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Plenary Interview: Dr Simon Smith on 'Music and Drama at the Early Modern Inns of Court; or, listening again to "Twelfth Night"'

By Jen Slager (Secretary, 2024)


What advice would you give to those hoping to pursue a career in academia, the creative arts and/or a similar sector?

Be flexible and patient: there are great opportunities across these sectors, but also significant challenges facing universities and arts organisations at the moment. Being creative about how and where you might use your skills as a researcher, a practitioner, or a teacher is important -- and be prepared to be persistent. Don't take initial rejection as a sign not to keep trying: there are opportunities out there and it may take a while to get your chance, but that is no reflection on you.


What is your favourite Shakespeare or early modern play and why?

The two early modern plays that still make me laugh on the umpteenth readthrough are "The Knight of the Burning Pestle" and "Twelfth Night". All except Feste's terrible joke about his house standing by the church: it's terrible.


Do you have any hobbies or interests that inspire or interact with your area of research?

I play a lot of music recreationally, though I don't think any of the instruments I'm involved with these days had been invented in the early modern period. Music is a passion of mine as well as a research interest, though.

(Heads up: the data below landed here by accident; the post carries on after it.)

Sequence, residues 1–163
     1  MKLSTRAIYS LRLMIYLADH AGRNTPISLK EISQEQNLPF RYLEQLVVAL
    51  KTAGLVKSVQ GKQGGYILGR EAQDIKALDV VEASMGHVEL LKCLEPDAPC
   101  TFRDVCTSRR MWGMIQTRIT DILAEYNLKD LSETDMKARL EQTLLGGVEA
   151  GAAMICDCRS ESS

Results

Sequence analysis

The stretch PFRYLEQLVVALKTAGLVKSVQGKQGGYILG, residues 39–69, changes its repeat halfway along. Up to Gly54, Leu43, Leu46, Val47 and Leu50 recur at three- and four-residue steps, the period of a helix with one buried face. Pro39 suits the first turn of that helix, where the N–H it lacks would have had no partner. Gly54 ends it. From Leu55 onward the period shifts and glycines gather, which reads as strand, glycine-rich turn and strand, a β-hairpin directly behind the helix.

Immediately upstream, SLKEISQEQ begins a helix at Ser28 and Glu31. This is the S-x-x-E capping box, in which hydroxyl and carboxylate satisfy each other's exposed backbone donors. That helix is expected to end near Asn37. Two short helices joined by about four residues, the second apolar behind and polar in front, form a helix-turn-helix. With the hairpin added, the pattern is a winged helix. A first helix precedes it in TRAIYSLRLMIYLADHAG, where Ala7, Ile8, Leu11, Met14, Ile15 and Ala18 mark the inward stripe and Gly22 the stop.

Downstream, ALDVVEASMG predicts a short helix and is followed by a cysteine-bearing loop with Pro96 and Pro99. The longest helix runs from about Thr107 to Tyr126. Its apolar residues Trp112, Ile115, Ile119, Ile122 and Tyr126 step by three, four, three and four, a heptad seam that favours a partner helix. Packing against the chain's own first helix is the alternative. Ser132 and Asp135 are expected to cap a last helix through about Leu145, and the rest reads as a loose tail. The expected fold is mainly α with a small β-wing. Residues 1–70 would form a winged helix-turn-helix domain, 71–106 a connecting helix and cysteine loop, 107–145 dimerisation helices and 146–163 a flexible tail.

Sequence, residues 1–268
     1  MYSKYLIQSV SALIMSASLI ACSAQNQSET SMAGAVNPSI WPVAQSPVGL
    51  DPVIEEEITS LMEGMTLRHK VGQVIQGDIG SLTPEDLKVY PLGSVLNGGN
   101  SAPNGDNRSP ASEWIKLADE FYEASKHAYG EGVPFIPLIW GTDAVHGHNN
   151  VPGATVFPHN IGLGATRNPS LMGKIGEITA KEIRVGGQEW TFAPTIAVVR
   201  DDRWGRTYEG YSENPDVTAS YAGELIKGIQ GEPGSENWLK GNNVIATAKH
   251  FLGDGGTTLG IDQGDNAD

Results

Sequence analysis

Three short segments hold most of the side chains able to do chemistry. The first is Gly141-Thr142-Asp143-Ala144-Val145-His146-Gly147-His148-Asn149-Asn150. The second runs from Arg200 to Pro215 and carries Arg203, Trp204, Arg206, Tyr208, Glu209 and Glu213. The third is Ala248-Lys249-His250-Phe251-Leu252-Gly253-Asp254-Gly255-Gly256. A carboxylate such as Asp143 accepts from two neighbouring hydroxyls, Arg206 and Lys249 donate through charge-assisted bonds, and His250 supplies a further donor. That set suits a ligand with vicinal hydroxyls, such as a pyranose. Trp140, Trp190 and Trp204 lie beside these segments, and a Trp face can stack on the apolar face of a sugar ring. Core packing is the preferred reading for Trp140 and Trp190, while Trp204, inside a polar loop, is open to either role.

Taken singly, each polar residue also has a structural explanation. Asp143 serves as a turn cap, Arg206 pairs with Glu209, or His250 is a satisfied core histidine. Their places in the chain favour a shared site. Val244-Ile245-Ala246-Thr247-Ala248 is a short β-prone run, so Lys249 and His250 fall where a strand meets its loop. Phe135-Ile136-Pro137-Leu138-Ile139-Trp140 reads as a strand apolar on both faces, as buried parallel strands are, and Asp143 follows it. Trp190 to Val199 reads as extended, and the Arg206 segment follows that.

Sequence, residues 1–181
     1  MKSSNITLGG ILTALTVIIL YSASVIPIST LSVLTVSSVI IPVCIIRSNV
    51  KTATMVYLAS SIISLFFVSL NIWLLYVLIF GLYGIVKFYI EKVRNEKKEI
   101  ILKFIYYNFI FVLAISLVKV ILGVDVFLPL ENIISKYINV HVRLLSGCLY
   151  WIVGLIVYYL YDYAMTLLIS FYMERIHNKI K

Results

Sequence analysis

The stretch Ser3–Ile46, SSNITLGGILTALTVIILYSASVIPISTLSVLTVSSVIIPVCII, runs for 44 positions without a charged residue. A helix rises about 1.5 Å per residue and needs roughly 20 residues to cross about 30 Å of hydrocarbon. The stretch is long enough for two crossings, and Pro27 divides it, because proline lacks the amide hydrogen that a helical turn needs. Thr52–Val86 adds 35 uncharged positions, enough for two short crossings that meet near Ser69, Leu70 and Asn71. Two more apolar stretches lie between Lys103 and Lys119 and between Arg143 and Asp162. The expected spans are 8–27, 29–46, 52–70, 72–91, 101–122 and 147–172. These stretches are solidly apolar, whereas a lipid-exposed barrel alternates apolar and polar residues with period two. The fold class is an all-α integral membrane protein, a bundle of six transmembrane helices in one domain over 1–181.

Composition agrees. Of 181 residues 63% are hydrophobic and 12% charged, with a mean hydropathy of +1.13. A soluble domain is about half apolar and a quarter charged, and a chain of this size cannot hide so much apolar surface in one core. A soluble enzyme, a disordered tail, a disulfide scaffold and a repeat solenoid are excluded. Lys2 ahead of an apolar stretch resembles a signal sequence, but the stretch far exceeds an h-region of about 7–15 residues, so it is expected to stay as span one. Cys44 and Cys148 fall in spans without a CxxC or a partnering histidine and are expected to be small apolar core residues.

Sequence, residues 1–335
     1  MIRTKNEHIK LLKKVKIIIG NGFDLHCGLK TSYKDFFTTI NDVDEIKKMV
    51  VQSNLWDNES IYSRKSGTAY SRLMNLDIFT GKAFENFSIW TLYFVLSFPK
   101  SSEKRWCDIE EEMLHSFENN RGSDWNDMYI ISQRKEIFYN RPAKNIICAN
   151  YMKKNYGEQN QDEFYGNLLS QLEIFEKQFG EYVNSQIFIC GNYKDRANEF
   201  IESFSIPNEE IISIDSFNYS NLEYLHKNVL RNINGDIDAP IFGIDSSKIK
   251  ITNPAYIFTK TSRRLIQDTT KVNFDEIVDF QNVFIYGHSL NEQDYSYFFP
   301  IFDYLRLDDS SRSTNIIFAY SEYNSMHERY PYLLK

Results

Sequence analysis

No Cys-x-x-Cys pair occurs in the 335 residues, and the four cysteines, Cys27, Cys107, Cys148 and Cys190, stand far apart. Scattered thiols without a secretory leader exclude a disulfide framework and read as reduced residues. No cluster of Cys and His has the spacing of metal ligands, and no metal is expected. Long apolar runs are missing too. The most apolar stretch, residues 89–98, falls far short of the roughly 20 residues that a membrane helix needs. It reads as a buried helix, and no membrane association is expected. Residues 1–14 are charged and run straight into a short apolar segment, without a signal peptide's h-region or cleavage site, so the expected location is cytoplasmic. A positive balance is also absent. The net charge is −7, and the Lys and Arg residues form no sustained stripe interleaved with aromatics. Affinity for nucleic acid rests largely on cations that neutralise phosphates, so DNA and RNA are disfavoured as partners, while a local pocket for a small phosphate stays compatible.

Why do you think Shakespeare is still relevant today to modern audiences and academics?

Partly because Western culture and aesthetic theory has formed around Shakespeare: we are still in the process of understanding the implications of this entanglement, I think, and careful attention to Shakespeare's early modern context and the ways in which he is perhaps not our contemporary is a crucial part of that.


As noted in your recent book, Playing and Playgoing in Early Modern England, how do you think that the musicians playing during the performance would impact this continual relationship, as you argued, of pleasure and judgment between performer and audience?

I very much enjoyed editing "Playing and Playgoing" with my long-time collaborator Emma Whipday, and we are delighted to have been able to bring so many fantastic contributors together in that volume. In terms of my work on pleasure and judgement -- certainly music was one of the attractions of the playhouse, as well as something that people often seem to have been rather critical about (Ben Jonson complains about playgoers doing exactly this in the induction to "Cynthia's Revels"). Indeed, playgoers seem to have been critically engaged with many aspects of theatrical performance, from actorly technique to spectacle, and from wordplay to music, so I'm sure the prominent use of musicians would have fed in to this culture of censure.


What can we look forward to in your plenary discussion about the interactions between Twelfth Night and the court musicians playing?

An anecdote about my last Britgrad trip (in a tent in 2012); some inns of court musicians who insist on drinking all the wine when they should be preparing for the dancing; and hopefully a fresh sense of how "Twelfth Night" sits within the musico-dramatic culture of the inns of court in the seventeenth century.


Dr Smith's plenary will take place at 10am BST on Thursday 13th June in the Hall.




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